This plant grows in wetlands, irrigation canals and drains, stream environments, swamps, and flooded lands. Likewise, it prefers shady and cool areas in order to avoid dehydration and wilting of the leaves.
This species is propagated sexually by seeds and vegetatively through the underground stem or rhizome. In the commercial field, the production of alcatraz is carried out by direct sowing, division of rhizomes, stripping of rhizomes or cultivation of cuttings.
It is made from fertile seeds obtained from the best productive plants. Planting is established in early spring, observing the presence of incipient rhizomes in mid-autumn.
Zantedeschia is a perennial plant, so it takes two years to obtain productive rhizomes. From the third year after sowing, the plant begins to form flowering peduncles.
The fertile rhizomes are those obtained from plants older than two years of age, succulent, free of blows and wounds. For cutting, a sharp tool - knife or scissors - is used free of dirt and plant debris, previously sterilized.
The cut is made along the point of union of the main rhizome, confirming a vegetative bud in each section. By this method, inflorescence production begins after two years.
Detached from suckers
The technique consists of separating or fractionating the rhizomes once the first foliar apprentices and adventitious roots emerge. With this technique the viability of the new seedling to be propagated is guaranteed.
Culture in vitro
Technique used at the laboratory level in order to propagate pathogen-free clones identical to the mother plant. With this method, two years are required for the formation of rhizomes and an additional year to start production.
The species Zantedeschia aethiopica requires the following environmental conditions for a suitable development and growth of the crop.
Temperature and altitude
Cultivation of Zantedeschia aethiopica It is adapted to temperate climate conditions with average temperatures of 15-23º C, it does not support low temperatures. Likewise, it adjusts to elevational floors between 900-2500 meters above sea level.
Growing alcatraz requires high levels of lighting to produce flowers with sturdy flower stalks and brightly colored spathes. In this regard, the optimal radiation or luminous flux levels are around 2.7 lumen -lm / cm2-.
Low solar irradiation or shading greater than 70% promotes the increase in size of the leaves and the flower stalk. During the winter the etiolate of these structures is frequent due to the low light intensity.
However, the behavior of the plant at light intensity depends on the varieties and cultivars. For this reason, cultivars or commercial hybrids adapted to different light conditions have been developed.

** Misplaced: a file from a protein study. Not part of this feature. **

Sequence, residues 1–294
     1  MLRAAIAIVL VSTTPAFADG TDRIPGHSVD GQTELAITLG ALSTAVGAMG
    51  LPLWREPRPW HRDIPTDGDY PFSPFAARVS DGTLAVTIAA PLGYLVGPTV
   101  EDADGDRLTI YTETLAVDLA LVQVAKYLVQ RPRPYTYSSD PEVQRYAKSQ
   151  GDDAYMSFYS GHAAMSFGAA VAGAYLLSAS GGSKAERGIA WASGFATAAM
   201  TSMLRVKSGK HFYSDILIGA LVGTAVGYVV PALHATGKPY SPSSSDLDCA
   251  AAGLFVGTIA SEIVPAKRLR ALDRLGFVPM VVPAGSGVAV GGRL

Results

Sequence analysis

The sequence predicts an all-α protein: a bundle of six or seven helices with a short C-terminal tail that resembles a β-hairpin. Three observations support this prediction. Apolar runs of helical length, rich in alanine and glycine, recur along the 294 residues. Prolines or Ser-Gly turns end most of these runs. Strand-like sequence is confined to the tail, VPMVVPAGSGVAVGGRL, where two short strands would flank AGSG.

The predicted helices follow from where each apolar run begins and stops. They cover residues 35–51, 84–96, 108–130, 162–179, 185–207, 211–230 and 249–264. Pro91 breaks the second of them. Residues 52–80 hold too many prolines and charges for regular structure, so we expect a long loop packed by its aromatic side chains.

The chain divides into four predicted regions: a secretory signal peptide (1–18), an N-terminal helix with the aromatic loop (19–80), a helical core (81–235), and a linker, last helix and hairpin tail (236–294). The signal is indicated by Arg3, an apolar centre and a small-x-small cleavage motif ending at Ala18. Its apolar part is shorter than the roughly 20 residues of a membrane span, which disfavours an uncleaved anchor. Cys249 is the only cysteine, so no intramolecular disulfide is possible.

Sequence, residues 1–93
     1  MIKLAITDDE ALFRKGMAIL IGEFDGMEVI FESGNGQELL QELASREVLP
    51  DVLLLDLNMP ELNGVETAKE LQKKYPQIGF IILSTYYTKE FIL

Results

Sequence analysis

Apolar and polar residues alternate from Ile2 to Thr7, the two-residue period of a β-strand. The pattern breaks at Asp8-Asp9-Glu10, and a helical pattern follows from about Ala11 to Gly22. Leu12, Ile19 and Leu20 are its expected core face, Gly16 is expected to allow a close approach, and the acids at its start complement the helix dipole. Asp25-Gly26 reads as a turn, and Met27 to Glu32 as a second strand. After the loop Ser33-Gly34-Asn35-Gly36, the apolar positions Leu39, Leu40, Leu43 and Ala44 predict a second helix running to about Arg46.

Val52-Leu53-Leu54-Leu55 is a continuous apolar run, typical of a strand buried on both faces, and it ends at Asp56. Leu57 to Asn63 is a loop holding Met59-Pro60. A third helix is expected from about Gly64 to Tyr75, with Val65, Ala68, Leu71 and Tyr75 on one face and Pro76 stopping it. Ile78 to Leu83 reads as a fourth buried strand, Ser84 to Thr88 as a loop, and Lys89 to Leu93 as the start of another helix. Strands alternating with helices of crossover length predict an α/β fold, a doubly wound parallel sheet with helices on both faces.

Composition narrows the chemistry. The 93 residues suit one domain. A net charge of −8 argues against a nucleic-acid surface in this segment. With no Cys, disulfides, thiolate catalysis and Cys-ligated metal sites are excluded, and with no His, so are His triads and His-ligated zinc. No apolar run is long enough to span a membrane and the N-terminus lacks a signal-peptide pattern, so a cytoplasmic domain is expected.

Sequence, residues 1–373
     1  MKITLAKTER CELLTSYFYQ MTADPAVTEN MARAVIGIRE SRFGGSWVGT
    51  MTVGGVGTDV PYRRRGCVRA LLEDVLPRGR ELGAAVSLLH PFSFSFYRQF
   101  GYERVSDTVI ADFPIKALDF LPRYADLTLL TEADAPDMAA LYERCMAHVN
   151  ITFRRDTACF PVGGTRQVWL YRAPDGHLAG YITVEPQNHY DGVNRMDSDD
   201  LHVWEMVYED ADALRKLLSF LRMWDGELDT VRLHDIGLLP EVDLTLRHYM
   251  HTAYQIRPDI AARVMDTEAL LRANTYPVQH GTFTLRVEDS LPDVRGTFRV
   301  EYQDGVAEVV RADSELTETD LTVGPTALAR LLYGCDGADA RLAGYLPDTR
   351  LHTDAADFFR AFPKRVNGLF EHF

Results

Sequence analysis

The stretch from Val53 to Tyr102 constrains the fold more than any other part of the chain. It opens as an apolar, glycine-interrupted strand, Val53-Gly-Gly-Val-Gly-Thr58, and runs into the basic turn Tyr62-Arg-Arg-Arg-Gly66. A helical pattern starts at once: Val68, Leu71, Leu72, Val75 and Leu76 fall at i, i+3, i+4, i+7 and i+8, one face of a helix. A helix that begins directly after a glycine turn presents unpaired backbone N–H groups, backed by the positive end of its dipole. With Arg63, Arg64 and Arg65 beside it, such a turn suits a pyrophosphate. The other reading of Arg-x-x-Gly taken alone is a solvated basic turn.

The dwarf white calla lily is cultivated as an indoor potted plant, flowering at low light intensity. Not so the hybrids of different colors that require high levels of radiation to express their best tones.
The ideal soils for growing alcatraz are clay-loam, which allow good water circulation, but maintain constant humidity. A porosity greater than 60% is required to allow aeration of the rhizomes and an average pH of 5.5-6.
The productivity and quality of the flower tips is determined by a good fertilization in each phase of the crop. Coupled with balanced irrigation and adequate comprehensive management of pests and diseases.
The gannet, like any commercial crop, requires the application of fertilizers at the time of starting the sowing, especially the essential elements N-P-K. However, soil analysis is the best indicator to determine the appropriate amounts of macro and micronutrients.
In general, the application of 90 kg / ha of nitrogen is recommended two weeks after sowing. These levels allow optimal root development and prevent excess nitrogen that can affect the rhizomes.
Proper nutrition of the rhizome in the initial stages favors the development and growth of the rhizomes. Potassium promotes the appearance of apical buds and phosphorous intervenes in the rooting, flowering and thickening of the rhizomes.
Calcium applications, in addition to correcting the acidity levels of the soil, allow to firm the peduncles and flower buds. Calcium deficiency results in the overturning of the flower stalks and the abortion of the inflorescences.
Moisture requirements are determined by the type of soil, environmental conditions and the age of the crop. The lack of irrigation influences the adequate development of the rhizomes, directly affecting the growth of the foliar area and the quality of the flowers.
The cultivation of gannet requires abundant irrigation during the establishment of the crop, keeping the soil constantly moist. After the development of the first leaves, the frequency of irrigation is reduced until 30 days after flowering.
The main insects that attack the gannet crop are spider mites, aphids and thrips.
Mites (Tetranychus urticae)